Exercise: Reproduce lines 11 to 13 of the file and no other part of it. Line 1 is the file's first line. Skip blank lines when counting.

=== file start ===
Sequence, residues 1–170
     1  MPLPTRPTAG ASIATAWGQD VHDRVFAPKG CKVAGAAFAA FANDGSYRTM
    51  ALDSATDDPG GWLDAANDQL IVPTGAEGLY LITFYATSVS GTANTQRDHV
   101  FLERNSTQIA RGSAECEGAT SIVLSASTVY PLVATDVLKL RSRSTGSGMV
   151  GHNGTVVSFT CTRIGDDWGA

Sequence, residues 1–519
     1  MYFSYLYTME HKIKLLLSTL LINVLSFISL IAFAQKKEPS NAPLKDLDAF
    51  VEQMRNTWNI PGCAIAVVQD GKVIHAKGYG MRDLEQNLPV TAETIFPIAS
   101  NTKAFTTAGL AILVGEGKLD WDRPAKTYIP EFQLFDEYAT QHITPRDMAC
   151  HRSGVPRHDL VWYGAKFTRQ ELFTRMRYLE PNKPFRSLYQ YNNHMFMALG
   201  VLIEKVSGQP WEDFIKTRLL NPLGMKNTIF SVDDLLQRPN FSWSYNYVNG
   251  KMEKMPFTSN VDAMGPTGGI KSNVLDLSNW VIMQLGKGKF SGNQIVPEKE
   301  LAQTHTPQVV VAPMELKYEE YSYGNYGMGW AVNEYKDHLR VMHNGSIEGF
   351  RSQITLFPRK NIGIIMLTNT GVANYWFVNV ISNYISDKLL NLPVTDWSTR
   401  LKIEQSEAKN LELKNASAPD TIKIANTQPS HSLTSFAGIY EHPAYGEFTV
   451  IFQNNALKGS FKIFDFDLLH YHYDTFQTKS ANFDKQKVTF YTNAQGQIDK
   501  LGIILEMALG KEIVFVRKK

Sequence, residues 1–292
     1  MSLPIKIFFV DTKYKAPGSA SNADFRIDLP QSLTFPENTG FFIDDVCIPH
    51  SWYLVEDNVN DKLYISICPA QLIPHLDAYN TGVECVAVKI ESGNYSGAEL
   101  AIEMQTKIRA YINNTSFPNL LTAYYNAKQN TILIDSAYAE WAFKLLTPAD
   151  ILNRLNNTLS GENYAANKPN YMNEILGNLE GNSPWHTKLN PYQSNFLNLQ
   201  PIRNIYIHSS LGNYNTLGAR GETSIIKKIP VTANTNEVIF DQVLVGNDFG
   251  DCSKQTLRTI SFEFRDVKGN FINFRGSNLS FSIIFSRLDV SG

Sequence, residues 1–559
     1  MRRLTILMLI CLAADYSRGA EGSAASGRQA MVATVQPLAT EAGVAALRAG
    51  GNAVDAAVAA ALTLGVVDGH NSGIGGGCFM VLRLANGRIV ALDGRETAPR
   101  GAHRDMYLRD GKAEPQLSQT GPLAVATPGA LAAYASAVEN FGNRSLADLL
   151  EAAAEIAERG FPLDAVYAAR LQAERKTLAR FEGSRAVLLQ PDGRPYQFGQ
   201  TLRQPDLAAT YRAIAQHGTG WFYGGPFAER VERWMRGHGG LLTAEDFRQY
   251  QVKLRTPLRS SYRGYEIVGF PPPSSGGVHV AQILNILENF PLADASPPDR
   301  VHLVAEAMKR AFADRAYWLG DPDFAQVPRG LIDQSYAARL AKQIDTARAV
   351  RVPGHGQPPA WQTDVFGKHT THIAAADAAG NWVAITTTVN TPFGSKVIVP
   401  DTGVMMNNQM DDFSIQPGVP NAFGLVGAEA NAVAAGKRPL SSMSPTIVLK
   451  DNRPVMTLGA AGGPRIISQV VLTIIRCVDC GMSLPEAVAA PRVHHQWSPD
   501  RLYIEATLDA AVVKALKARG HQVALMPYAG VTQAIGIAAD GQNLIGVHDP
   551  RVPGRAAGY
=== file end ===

   201  VLIEKVSGQP WEDFIKTRLL NPLGMKNTIF SVDDLLQRPN FSWSYNYVNG
   251  KMEKMPFTSN VDAMGPTGGI KSNVLDLSNW VIMQLGKGKF SGNQIVPEKE
   301  LAQTHTPQVV VAPMELKYEE YSYGNYGMGW AVNEYKDHLR VMHNGSIEGF